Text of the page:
and run when you offer to make his
acquaintance? Did you ever try say
ing hello when you meet a fellow on
the street or sidewalk to and from
classes? For hoW much do you value
a smile? You often see your fellow
students give a glance as you pass,
that reveals a silent, yet loud appeal
for friends and acquaintances. They
are liable to go away from here call
ing you a snob. The reputation of
not only the University is upon your
shoulders but of the state of Ne
braska, when the measure of hospi
tality and friendship is taken by these
who come to learn of us, either the
error of our way, or the richness of
our broad hospitality and the univer
sality of our friendship. Have we a
social obligation outside the little
circle of our immediate friends?
Sure, and beyond question or argu
ment, and on the campus is the one
great place to express ourselves and
enrich our own lives and experiences
with those whom we touch elbows
with us every day. We can't help
but leave our impressions. They will
rub off and stick to the other fellow
in spite of our efforts to prevent, or
without effort at all. The opportunity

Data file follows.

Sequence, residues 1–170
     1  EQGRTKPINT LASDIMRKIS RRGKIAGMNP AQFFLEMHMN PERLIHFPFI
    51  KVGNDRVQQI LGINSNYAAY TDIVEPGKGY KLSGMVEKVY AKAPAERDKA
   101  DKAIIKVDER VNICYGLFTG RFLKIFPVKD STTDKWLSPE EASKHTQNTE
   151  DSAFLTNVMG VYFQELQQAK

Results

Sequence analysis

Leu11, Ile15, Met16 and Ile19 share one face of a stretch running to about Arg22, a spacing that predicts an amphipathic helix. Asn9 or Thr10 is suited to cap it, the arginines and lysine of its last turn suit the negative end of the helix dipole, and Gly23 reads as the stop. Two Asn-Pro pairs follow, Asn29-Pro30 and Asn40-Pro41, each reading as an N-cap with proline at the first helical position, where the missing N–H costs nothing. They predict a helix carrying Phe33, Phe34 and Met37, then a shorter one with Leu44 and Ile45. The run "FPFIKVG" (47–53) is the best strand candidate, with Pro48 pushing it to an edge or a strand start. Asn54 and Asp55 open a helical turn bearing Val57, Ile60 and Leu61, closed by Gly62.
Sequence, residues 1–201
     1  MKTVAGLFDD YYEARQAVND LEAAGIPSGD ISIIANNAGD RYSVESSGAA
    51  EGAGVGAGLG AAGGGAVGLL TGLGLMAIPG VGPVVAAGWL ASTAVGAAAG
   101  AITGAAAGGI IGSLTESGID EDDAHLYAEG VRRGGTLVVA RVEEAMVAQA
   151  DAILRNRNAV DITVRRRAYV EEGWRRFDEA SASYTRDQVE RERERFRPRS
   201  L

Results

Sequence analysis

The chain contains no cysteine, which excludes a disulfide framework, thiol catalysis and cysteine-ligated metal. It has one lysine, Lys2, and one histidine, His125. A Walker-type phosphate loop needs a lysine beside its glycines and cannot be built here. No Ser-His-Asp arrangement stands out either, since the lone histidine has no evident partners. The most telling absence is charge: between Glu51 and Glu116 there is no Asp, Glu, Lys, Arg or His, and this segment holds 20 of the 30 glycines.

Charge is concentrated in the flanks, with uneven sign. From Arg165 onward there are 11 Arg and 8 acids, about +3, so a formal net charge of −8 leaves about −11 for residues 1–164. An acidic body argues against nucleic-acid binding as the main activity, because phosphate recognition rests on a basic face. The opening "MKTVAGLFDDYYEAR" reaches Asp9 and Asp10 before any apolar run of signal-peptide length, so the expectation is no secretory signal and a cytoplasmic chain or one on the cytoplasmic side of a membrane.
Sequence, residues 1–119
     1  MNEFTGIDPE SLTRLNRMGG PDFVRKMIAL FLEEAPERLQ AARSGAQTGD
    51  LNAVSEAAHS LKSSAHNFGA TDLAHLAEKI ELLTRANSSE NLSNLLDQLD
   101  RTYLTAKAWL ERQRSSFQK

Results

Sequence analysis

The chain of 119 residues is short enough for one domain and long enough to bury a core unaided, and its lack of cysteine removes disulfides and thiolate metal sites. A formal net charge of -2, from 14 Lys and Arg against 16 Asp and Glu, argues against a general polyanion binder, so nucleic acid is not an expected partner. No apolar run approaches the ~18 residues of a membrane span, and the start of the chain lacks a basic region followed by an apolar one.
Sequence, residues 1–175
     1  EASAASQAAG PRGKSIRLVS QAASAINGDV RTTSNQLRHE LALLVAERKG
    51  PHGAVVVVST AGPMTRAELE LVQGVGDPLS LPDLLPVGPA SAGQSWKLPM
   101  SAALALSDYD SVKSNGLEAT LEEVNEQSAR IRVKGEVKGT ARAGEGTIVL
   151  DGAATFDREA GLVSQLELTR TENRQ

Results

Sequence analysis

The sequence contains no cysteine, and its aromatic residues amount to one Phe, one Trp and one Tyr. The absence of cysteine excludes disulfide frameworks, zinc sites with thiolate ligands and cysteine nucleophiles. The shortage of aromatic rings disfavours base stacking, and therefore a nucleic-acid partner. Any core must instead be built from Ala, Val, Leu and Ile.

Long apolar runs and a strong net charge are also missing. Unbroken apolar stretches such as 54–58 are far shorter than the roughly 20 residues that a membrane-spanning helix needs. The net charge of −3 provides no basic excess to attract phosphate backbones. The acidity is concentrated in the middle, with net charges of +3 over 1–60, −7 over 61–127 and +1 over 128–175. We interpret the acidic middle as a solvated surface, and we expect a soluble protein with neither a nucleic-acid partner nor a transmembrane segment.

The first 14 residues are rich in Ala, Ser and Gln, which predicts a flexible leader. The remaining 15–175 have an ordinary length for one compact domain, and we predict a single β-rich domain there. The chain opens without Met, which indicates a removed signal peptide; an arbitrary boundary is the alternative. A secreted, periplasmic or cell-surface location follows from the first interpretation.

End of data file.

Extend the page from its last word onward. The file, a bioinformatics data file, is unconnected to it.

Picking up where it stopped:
is here to every one of us. Are we
going to pass them up: it win u
known if we do.
Palladian will have an open meet
ng Friday evening In the form of a
Hallowe'en party. Visitors are cor
dially invited. There will be a closed
masquerade party at College View
Saturday evening.
Members of the band will meet at
3:50 today between Q and It on 12th
Btreet for participation In the fare
well rally for the team.
Inter-Class Debate.
Class debate chairmen are re
quested ito meet Friday at 1 p. m.
in the Pebate Seminary room, U 106,
to arrange for lnter-class debates.
R. O. T. C. Uniforms.
The military storeroom in the base
ment of Nebraska Hall will be open
for the issue of uniforms during the
following hours:
Friday, October 298 a. m. to 11:30
a. m., 1 p. m. to 5:30 p. m
The University is growing year by
year. More students are falling in
line and entering the institution each
fall. Nebraska's high schools are
pouring out their best men and wo
men each spring and each autumn
thev come in greater numbers to the
University. The cream of Nebraska j
enters this University. The cream of j
the entering students stays, the re
mainder drop out and clear the sur-j
face for the students, leave elbow j
room for those who work, who put i
effort into .their daily tasks and are
the stickers. Upon this foun-la'inn,
Nebraska builds her greater Univer- i
sity. The incoming students are more :
numerous each year and are of befer
quality. The old students preach the
gospel of education in their j
heme towns and are University mis-,
sioriarles to the state. The figures;
after each registration are la:ger than
those preceding. The faculty js in-j
creased each year. New buildings go i
up at frequent intervals. Greater
state appropriations are mad". Every
thing Is expanding. The University
of Nebraska, in the heart of a fertile
country, the educational center of a j